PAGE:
Mark Matousek

We’re hardwired for hope in the worst of times.


  • The optimism bias enables us to presume that opportunities, potential, and good things may await us.
  • True hope takes into account the real threats that exist and seeks to navigate the best path around them.
  • Pessimism is a failure of the imagination, reflecting an unwillingness to keep an open mind.

“The soul refuses limits and always affirms an optimism not a pessimism,” writes Ralph Waldo Emerson.

When the Oracle of Concord made this statement, with troops on the battlefields of the Civil War, he wasn’t suggesting a smiley-face optimism—everything’s going to be OK—but was pointing instead to the empirical fact that things in nature are always surprising us, and we have no idea what’s around the corner. Bad things often lead to positive outcomes, and paradox is the price of admission.

Optimists of Emerson’s kind do not deny the dark side of life; instead, they choose not to lose sight of the good, the true, and the beautiful even when things fall apart. The Spanish poet Antonio Machado captured this bias toward hope when he wrote:

Last night as I was sleeping,
I dreamt—marvelous error!—
that I had a beehive
here inside my heart.
And the golden bees
were making white combs
and sweet honey
from my old failures.

There’s nothing Pollyanna in this poem affirming the capacity for human transformation. It suggests, instead, that pessimism is a failure of the imagination, an unwillingness to acknowledge the potential for change, a resignation to the blinkered view.

But something in us wants to see. We want to rise to higher ground. There’s buoyancy in the human spirit. “The thing with feathers,” Emily Dickinson called it. It’s the force that drives us upward when we’re underwater and makes us kick our way to the surface, the push against gravity that keeps us alive, the energy of optimism itself.

The negativity bias is well known to us, but how many are aware of the optimism bias?

This hardwired aspect of human psychology enables us to presume that opportunities, potential, and good things may await us.

It presumes, when it sees a pile of shit, that there must be a pony somewhere close by. Without the optimism bias, we would never have survived as a species on this unpredictable planet. In a fluctuating environment, we need the ability to imagine alternative possibilities. “Hope keeps us moving forward, rather than to the nearest high-rise ledge,” as one researcher in optimism put it.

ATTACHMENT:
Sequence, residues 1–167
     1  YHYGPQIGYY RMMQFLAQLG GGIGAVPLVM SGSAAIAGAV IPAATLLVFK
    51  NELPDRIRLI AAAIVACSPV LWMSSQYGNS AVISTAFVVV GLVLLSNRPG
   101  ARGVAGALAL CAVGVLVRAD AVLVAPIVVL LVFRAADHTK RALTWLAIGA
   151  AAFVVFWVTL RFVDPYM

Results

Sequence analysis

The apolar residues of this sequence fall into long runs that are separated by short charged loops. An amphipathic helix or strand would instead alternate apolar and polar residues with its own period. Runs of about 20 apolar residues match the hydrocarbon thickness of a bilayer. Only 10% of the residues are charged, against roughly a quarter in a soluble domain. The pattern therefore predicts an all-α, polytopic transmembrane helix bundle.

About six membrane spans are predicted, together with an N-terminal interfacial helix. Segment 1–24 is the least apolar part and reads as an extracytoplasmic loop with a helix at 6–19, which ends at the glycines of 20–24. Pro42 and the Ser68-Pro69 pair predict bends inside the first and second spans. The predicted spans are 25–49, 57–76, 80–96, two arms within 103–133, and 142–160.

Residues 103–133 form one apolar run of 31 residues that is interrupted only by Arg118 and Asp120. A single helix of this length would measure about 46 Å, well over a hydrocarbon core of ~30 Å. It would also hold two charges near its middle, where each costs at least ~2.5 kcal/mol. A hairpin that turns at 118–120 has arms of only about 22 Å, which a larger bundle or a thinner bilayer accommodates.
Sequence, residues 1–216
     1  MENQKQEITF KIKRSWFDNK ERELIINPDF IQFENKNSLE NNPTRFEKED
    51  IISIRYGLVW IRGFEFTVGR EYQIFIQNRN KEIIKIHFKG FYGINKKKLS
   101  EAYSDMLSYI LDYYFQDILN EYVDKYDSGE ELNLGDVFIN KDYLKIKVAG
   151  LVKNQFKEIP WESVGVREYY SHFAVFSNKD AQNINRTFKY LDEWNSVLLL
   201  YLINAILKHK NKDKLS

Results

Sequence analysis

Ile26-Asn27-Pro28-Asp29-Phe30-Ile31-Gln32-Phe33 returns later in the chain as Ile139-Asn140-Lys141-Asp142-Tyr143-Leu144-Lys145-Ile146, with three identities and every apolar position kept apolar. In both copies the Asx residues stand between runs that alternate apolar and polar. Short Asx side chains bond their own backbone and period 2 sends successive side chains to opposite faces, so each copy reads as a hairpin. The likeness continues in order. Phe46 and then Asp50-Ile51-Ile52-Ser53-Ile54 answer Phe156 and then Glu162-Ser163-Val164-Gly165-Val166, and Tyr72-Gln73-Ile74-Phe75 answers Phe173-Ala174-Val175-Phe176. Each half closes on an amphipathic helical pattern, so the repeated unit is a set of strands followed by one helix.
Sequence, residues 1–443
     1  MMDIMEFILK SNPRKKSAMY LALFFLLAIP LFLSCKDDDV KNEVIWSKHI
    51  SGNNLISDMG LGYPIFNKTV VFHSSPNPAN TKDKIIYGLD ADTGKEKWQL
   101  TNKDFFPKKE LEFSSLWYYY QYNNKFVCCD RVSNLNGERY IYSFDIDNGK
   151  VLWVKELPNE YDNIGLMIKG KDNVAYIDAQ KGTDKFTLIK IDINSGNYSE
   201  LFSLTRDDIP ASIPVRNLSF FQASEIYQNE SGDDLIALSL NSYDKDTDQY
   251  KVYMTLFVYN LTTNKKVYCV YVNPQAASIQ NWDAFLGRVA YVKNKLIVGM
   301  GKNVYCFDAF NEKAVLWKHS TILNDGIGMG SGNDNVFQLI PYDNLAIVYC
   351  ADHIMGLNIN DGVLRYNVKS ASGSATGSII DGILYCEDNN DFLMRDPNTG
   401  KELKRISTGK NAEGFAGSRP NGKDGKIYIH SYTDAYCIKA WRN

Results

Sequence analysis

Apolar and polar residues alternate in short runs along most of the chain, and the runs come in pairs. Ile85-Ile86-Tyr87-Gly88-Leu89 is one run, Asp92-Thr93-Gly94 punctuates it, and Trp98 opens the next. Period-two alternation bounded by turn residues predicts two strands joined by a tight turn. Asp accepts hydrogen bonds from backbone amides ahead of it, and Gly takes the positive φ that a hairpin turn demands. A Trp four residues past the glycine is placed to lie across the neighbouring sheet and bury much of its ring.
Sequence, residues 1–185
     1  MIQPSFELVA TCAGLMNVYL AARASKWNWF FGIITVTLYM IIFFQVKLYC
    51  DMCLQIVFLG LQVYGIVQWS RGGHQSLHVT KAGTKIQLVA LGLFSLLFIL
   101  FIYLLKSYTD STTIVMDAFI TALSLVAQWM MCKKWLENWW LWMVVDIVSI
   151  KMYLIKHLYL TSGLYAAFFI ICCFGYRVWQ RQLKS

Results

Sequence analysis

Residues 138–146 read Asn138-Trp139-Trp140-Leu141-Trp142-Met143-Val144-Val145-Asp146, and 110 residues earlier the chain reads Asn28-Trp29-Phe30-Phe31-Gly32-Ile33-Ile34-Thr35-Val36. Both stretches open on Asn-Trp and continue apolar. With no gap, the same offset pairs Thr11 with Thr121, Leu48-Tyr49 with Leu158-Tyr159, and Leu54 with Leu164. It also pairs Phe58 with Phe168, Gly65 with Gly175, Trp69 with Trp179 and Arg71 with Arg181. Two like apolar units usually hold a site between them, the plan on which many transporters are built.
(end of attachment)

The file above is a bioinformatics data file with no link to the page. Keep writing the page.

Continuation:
As long as our hope isn’t pie-in-the-sky, optimism can be a helpmeet. “True hope takes into account the real threats that exist,” writes surgeon Jerome Groopman, “and seeks to navigate the best path around them.” For this to happen, we need to face the facts while leaving a mental door ajar for everything that we don’t know yet.

This is far harder for some of us than others. Everyone has her own SWB—state of subjective well-being—that falls on the scale between sunny and glum. We default to our SWB whether good things or tragic situations happen to us. By understanding your own SWB, you can see through your pessimism bias when it conceals reality from you. In the Meditations, Marcus Aurelius gave us the parable of the fool who passes a fresh spring every day but sees only a lousy puddle.

There he stands, this pessimist beside the spring, cursing as fresh water gushes forth. “He can shovel mud into it, or dung, and the stream will carry it away, wash itself clean, remain unstained,” Marcus wrote. “Not a cistern but a perpetual spring.”

We miss the abundance and beauty around us when we focus on the darkness

In truth, the vast majority of us are—in our messy, imperfect lives—extremely blessed. The longer we survive, the more certain we become of this blessing. Gratitude takes root in the heart. We see the world through the eyes of love.

In Terence des Pres’ book about the Holocaust, The Survivor, he captures this efflorescence:

Survivors are more urgently rooted in life than the rest of us. Their will to survive is one with the thrust of life itself, as stubborn as the upsurge of spring.

When you read those words, your limbs grow longer; your back gets straighter; your eyes take in the world around you with a voluptuous gulp. The verdancy in you surges up to meet the moment. Optimism is “the green fuse that drives the flower,” the force that pulls us toward the light.

Pessimism survives by convincing us that it is the voice of reality. The pessimist tells you that whoever chooses not to hold their cynical, steely, gloomy view is nothing short of a ninny. No one wants to look gullible, fatuous, or ill-informed, so it’s easier to go along with the pessimists than risk revealing that you have hope.

Realistic optimism is the rigorous spiritual practice of bringing your thoughts back again and again from the precipice of doom to the doorway of possibility. We have no idea what lies ahead. We only know that there will be change, and remembering that—never forgetting—can save your life when hope disappears

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